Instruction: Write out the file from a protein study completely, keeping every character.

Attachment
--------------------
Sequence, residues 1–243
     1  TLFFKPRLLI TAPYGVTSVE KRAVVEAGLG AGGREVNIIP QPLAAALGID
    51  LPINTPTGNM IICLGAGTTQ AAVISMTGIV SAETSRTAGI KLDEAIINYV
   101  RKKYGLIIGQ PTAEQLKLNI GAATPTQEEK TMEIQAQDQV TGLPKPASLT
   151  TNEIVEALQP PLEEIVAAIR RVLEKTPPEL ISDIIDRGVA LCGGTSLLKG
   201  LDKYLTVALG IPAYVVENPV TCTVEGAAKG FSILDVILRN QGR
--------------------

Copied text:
Sequence, residues 1–243
     1  TLFFKPRLLI TAPYGVTSVE KRAVVEAGLG AGGREVNIIP QPLAAALGID
    51  LPINTPTGNM IICLGAGTTQ AAVISMTGIV SAETSRTAGI KLDEAIINYV
   101  RKKYGLIIGQ PTAEQLKLNI GAATPTQEEK TMEIQAQDQV TGLPKPASLT
   151  TNEIVEALQP PLEEIVAAIR RVLEKTPPEL ISDIIDRGVA LCGGTSLLKG
   201  LDKYLTVALG IPAYVVENPV TCTVEGAAKG FSILDVILRN QGR